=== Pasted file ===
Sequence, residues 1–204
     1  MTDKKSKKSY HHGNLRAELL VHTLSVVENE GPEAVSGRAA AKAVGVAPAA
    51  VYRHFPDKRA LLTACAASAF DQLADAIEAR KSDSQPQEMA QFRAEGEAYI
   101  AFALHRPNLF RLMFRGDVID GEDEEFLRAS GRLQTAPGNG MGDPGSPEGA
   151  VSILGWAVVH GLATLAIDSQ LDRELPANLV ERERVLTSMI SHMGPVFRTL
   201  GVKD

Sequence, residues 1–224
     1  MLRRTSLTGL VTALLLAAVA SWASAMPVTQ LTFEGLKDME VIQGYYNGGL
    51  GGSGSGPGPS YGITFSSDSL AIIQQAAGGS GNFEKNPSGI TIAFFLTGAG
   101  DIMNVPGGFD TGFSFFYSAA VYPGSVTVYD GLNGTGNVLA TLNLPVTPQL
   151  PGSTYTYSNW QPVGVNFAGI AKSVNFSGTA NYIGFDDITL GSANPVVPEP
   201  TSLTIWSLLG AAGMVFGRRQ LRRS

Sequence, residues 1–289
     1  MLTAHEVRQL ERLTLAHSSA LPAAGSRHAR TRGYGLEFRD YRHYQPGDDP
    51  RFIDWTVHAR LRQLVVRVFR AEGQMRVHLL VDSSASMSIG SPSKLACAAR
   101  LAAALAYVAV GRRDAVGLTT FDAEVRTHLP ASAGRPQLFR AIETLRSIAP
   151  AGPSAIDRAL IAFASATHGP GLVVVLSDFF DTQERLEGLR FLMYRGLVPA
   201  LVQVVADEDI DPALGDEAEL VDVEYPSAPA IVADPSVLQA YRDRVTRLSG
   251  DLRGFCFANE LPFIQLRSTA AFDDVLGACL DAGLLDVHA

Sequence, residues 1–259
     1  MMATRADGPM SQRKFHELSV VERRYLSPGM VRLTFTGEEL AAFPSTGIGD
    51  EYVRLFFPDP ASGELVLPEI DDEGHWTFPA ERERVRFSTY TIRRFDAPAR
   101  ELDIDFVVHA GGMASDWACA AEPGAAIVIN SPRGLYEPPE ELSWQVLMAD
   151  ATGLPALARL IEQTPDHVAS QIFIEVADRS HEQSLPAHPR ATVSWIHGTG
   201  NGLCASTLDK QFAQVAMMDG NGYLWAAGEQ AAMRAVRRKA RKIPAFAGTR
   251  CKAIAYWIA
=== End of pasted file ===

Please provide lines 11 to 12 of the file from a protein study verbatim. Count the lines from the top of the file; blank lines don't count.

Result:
   151  PGSTYTYSNW QPVGVNFAGI AKSVNFSGTA NYIGFDDITL GSANPVVPEP
   201  TSLTIWSLLG AAGMVFGRRQ LRRS